January 20, 2023
Fortune recently published an article where Fred Foulkes, Professor of Management and Organizations, discusses the challenges faced by firms when it comes to key-person risk.
An Iceland-based shareholder has proposed that Tesla’s board create and maintain a key-person risk report for CEO Elon Musk ahead of Tesla’s annual meeting in May. It has been said that key-person risk comes in three flavors – one executive is too talented for the job, one person has too much power, or some companies are so complex that only one mind can handle them. Companies of all sizes should protect themselves against key-person risk, but midsize firms may have the most difficulty dealing with it, according to Paroon Chadha, CEO and cofounder of OnBoard. According to him, large companies are typically aware of this hazard and prioritize succession planning. Professor Foulkes says most companies protect a top executive’s energy more than Tesla. One example he recalls is when a CEO’s son sought to become chairman of the company. Only after the CEO agreed not to spend much time at the startup did the board agree to it.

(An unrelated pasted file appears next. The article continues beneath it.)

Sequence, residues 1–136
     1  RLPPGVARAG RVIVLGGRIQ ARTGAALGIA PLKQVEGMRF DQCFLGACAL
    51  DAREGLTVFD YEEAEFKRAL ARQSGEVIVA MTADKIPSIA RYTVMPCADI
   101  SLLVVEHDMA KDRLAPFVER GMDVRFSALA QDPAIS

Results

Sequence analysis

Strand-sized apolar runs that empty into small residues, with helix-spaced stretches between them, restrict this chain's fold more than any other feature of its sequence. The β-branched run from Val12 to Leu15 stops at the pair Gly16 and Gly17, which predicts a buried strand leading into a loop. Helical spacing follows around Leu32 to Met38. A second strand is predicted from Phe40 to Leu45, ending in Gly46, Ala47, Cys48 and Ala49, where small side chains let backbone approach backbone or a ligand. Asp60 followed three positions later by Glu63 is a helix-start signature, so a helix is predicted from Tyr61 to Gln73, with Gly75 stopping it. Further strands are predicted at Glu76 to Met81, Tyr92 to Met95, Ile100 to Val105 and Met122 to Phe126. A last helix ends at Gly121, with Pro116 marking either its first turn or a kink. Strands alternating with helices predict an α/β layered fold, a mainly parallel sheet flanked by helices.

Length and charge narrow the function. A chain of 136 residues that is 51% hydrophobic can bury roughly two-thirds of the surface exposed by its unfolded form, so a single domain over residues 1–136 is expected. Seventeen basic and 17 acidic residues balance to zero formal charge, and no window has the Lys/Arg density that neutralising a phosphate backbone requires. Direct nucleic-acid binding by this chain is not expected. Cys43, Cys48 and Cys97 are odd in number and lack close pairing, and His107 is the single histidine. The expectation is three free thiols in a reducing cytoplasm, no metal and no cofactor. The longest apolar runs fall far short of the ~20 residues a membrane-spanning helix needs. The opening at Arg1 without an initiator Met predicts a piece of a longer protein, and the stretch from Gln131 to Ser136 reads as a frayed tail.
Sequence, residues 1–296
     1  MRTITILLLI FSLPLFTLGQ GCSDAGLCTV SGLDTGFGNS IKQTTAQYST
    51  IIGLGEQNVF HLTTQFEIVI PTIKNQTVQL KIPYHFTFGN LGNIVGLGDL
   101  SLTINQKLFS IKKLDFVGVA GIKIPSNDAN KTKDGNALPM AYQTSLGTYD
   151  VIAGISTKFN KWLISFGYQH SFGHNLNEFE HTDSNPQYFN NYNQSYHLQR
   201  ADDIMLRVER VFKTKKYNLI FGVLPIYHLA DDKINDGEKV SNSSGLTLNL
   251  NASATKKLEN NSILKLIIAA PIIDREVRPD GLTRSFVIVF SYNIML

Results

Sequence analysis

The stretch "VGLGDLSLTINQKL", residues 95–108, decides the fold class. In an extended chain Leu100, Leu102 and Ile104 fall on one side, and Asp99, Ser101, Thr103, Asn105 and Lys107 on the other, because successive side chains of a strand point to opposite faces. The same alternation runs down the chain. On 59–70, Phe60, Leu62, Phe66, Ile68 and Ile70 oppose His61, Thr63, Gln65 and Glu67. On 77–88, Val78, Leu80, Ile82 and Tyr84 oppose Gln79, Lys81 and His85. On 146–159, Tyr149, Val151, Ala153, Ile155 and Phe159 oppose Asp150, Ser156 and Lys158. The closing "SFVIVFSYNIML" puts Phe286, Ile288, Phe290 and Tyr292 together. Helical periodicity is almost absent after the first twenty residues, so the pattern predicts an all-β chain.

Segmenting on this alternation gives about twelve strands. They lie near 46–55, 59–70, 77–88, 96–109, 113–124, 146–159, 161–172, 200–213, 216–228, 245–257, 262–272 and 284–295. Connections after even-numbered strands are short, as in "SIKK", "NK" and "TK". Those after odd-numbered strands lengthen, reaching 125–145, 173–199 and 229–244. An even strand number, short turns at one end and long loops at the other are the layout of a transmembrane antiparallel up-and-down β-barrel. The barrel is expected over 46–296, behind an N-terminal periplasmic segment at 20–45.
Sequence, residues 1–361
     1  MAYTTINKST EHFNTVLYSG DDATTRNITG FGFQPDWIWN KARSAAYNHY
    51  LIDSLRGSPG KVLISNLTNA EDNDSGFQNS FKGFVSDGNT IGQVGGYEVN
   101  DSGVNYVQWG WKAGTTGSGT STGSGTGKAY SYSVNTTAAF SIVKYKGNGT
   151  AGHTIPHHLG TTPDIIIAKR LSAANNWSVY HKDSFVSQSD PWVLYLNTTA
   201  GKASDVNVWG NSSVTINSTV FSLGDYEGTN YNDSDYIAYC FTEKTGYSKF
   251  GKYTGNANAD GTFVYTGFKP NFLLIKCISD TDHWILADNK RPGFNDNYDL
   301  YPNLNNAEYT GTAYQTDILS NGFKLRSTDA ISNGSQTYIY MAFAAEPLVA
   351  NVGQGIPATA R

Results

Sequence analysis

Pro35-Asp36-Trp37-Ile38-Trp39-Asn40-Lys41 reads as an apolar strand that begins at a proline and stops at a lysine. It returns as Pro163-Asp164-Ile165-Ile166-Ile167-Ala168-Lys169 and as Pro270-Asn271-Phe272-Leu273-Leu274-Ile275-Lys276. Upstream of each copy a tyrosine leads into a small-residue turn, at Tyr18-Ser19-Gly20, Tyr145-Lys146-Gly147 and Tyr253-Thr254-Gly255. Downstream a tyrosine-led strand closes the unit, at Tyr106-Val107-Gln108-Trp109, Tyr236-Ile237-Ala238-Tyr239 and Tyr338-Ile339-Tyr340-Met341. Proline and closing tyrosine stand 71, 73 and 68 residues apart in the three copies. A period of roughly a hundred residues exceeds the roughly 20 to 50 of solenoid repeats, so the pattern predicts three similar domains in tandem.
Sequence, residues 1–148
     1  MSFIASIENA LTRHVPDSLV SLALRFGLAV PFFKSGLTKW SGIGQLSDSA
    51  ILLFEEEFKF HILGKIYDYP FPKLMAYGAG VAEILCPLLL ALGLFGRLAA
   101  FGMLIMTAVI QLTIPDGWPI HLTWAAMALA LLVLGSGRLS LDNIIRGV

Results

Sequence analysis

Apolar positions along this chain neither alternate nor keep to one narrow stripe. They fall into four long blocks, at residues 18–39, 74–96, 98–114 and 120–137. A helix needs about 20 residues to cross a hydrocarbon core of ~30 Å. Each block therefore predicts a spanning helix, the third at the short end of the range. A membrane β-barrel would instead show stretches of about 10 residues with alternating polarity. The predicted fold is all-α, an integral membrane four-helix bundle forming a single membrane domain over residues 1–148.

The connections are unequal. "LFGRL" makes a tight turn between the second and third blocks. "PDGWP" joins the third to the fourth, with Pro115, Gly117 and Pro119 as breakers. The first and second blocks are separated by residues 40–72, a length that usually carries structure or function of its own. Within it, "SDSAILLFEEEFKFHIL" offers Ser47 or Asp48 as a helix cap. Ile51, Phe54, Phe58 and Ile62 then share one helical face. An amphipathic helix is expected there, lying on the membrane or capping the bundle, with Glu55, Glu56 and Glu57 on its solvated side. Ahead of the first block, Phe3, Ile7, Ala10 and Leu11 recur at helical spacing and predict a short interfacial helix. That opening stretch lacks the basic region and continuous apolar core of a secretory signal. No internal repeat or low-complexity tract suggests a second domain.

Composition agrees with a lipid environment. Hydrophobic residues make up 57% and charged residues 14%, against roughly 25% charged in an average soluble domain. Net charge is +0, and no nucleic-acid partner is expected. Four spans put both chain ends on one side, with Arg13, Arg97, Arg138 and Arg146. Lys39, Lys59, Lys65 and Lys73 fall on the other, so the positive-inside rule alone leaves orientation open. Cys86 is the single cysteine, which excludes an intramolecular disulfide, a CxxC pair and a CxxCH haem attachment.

“At least in my experience on boards,” Foulkes deadpans, “you want your CEO to be full-time at the company.”